There is no shadow of a doubt that light has the power to define a space. And when it comes to hospitality, there’s even more reason strive for perfection. Light creates ambiance, it can make or break an atmosphere, it allows guests to emotionally connect with the space and it can compel them to linger longer. All of this can lead to a greater spend per head and hopefully a loyal customer base – a result that every hospitality venue is looking for.
When creating a lighting scheme for a bar, restaurant, cafe or hotel, there are several factors that designers should consider in order to elevate a space: balancing levels of brightness, directionality, the right colour temperature of light, as well as a flexible lighting scheme. So, what exactly can we do to ensure our lighting concepts create a venue that stands out?
Tip 1 – Balancing light levels
A slight paradox, but artificial light should be used in conjunction with daylight to balance the changing light levels. Throughout the day the space should feel permeable, relatively high levels of artificial light are required within internal spaces in order to counteract the natural light outside and draw the eye through the area.
Fast-food restaurants should look to maintain high levels of light throughout the day and well into the evening to minimise dwell time and encourage customer turnover.
Higher-end restaurants with a greater spend per head, however, will be looking to increase dwell time and encourage diners to stay longer. To do so, lower light levels with higher contrast work best, as they create a sense of intimacy.
How many times have you been to a restaurant or bar and found yourself captivated by the mood and your surroundings, not wanting to change location? This is most likely because the lighting is low, soft, warm – you just can’t face leaving the comfort of the space you’re in for the harsh outside world. This is by design. Someone has given real thought to the contrast of light levels, how they contribute to your experience and elicit a feeling contentment.
Tip 2 – Direction of light
The direction in which light is cast is critical. Luminaires should be indirectly positioned so that they don’t cause glare. Candlelight is an excellent way to reduce brightness and keep light directionality low.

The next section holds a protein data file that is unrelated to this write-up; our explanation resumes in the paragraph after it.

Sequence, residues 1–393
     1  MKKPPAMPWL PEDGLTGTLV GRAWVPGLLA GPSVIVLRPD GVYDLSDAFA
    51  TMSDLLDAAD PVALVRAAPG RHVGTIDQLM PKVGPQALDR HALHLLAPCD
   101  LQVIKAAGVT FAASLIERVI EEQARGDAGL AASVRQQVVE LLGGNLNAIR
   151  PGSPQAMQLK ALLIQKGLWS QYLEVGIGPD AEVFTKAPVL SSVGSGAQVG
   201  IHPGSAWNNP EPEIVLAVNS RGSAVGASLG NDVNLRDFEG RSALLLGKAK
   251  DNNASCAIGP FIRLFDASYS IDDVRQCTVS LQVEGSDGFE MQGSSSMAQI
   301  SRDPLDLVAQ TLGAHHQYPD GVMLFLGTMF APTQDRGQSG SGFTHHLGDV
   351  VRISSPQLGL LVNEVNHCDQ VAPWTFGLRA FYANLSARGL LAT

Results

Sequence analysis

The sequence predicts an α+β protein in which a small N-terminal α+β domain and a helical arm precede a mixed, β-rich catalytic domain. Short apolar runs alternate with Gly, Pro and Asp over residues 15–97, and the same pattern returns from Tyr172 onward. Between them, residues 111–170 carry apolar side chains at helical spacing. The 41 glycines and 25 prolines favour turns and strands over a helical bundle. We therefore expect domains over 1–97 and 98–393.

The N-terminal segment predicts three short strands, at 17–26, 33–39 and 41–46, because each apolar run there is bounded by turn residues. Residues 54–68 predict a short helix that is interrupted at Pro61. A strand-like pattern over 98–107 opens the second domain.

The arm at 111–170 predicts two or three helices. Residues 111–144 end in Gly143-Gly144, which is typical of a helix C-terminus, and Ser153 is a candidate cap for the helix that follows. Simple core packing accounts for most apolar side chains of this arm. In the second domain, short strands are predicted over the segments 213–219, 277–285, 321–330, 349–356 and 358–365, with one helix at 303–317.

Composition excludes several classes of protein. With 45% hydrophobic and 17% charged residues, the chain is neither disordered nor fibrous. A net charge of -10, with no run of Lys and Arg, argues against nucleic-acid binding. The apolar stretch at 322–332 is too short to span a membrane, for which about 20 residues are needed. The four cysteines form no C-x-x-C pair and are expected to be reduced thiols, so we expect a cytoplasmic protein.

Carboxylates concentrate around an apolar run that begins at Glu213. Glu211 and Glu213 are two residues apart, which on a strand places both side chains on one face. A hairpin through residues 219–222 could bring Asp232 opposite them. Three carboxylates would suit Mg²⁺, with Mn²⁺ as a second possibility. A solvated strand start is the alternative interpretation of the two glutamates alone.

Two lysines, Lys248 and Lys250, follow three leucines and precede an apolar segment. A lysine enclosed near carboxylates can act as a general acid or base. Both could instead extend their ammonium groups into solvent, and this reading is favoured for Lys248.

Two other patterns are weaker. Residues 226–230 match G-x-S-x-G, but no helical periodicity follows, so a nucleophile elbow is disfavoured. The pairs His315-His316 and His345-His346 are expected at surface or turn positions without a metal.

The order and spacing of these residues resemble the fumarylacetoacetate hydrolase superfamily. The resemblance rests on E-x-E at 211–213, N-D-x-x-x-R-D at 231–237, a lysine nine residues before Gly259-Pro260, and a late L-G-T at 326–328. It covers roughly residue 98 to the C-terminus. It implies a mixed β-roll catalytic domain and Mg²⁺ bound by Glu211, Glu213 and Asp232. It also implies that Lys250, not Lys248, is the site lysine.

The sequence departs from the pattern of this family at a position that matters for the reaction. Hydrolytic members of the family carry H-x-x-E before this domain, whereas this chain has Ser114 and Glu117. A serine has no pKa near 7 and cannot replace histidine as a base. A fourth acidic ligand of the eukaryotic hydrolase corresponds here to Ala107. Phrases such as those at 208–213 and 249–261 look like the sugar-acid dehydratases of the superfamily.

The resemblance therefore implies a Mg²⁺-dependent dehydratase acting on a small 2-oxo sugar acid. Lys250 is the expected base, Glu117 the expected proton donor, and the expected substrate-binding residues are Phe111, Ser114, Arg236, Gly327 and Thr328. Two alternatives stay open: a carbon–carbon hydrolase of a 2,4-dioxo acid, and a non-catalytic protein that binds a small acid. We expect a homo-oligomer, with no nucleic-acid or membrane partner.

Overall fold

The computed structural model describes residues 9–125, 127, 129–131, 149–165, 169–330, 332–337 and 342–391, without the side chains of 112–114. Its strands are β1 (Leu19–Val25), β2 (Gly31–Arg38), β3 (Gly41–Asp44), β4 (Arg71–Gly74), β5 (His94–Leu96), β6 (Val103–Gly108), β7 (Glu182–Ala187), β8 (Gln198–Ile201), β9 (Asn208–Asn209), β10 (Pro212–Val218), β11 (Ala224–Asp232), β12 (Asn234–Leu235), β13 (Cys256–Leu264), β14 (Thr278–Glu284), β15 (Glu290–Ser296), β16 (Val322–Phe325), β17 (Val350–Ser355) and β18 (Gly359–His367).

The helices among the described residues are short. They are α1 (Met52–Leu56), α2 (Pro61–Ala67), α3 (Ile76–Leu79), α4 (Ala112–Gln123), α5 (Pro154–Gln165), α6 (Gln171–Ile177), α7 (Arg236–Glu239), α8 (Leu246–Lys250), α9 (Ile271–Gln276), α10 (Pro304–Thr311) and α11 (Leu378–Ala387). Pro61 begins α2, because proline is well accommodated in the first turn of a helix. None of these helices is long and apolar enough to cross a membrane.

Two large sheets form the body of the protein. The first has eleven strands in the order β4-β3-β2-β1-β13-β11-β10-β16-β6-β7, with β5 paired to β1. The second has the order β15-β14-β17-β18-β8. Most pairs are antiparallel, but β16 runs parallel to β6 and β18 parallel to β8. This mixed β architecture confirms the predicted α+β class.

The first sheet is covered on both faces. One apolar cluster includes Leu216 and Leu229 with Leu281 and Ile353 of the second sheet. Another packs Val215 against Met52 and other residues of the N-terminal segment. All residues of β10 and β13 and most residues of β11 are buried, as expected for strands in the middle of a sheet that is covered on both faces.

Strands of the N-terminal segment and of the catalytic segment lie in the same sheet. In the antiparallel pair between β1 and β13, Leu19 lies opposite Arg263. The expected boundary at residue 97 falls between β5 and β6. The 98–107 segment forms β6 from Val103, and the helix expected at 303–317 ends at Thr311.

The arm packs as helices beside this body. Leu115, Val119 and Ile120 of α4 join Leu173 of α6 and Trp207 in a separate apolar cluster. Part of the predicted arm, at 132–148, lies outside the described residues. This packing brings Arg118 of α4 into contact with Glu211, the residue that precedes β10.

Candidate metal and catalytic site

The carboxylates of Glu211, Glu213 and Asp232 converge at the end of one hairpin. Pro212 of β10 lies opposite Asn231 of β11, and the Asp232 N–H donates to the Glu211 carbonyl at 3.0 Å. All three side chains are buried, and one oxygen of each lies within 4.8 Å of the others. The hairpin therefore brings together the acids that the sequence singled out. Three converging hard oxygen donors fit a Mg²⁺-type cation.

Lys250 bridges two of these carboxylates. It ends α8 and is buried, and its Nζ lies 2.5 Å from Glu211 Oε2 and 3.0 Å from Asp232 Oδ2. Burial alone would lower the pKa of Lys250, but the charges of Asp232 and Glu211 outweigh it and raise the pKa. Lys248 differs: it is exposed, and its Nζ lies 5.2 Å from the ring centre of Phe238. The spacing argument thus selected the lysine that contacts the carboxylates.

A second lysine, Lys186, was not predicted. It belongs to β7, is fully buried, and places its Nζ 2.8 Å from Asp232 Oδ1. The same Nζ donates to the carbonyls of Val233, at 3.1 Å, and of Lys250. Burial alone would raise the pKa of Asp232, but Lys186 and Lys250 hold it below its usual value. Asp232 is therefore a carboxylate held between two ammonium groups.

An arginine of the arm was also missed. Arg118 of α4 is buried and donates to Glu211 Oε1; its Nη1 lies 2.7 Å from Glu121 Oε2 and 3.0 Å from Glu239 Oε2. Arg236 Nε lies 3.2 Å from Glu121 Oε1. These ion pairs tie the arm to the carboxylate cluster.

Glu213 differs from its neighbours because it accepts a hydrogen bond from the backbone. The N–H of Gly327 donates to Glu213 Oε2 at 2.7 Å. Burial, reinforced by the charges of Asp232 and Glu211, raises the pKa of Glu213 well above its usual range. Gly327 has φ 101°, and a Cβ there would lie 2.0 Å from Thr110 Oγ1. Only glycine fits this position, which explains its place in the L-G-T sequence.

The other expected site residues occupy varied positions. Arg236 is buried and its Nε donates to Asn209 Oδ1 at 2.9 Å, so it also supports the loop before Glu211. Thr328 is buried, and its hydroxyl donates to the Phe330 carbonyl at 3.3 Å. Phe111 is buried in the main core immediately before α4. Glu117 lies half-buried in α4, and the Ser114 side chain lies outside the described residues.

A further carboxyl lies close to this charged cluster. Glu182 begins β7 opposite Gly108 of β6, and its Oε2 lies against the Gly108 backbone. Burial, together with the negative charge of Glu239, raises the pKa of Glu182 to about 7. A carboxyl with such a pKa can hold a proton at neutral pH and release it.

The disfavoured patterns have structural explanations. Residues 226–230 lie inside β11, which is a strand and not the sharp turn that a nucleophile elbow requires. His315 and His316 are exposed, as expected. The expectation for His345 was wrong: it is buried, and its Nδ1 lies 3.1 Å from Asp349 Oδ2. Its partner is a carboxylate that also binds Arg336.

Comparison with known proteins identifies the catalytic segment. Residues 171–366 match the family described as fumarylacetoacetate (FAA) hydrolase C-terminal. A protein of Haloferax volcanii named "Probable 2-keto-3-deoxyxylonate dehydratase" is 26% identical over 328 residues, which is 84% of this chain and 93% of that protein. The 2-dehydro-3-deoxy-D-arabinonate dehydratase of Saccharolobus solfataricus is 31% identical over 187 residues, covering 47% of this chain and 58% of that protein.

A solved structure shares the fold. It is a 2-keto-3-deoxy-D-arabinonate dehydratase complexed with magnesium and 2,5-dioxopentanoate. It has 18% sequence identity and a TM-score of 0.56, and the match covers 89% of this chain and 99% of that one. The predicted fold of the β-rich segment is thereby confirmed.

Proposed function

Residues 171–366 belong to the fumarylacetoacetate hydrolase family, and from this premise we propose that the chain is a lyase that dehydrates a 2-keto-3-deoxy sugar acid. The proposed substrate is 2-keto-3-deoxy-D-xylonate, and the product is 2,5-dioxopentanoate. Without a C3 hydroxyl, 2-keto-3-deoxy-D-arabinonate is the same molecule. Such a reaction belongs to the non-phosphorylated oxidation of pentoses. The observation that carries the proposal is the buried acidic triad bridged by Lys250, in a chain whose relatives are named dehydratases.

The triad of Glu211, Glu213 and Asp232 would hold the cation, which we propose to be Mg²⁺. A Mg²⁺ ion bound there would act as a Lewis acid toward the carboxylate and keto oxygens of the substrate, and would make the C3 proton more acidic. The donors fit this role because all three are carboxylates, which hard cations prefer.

You may also want to consider the compression of the space. Are you looking to generate the sense of a large, airy room, or create a cosy, intimate setting? Decompressing a room creates a lofty, spacious feel, so either diffused light fixtures or uplighting that draws the eye upwards should be used. To compress a room, you need to draw the eye downwards. Illumination should be cast below the eyeline and on surfaces such as bars and tables.
You also need to think about the interplay of light with the surfaces and textures of the room. Light can bounce off interiors, set the tone, highlight stand-out features, and create drama. Positioning and directionality of light fittings is critical if you are wanting to maximise impact or, on the other hand, subtly and softly interact with interior features. All of this helps diners connect with their environment and ultimately appreciate the space they’re in.
Tip 3 – Colour temperature and tonality
If you haven’t guessed by now, we’re looking for the quality of light to create a sense of intimacy. Careful attention needs to be paid to the colour temperature of any light source. Ideally, you’re looking to achieve a golden or warm-white tone as this also makes food look richer and more appetising – after all, we eat with the eyes!
But one size, or colour temperature in this case, doesn’t fit all – meat and fish often look more appealing under a cooler colour temperature light source, highlighting the importance of choosing the relevant light source for each individual space.
We can also do some interesting things with contrasting tonality. You can use a warm light source to illuminate tables and then contrast this with a cooler or bluer light source at the perimeter of the room, to make a cool or even warm light look and feel even warmer.
Tip 4 – Flexibility
As hotel and restaurant spaces are now more multifunctional than ever, design schemes need to be fully flexible to fit the needs of ever-changing spaces. Breakfast areas transform into casual workspaces, which then go on to be places to eat lunch as well as dinner. As a result, different moods and ambiances need to be created within the same space throughout the day.
Lighting and lighting controls play a key role in achieving this functional transition, lighting may need to dim over the course of the day, furniture might have to be repositioned and so light direction altered.
As lighting designers, we need to consider a versatile lighting scheme, one that can be easily manipulated, with moveable fixtures and adjustable levels of light.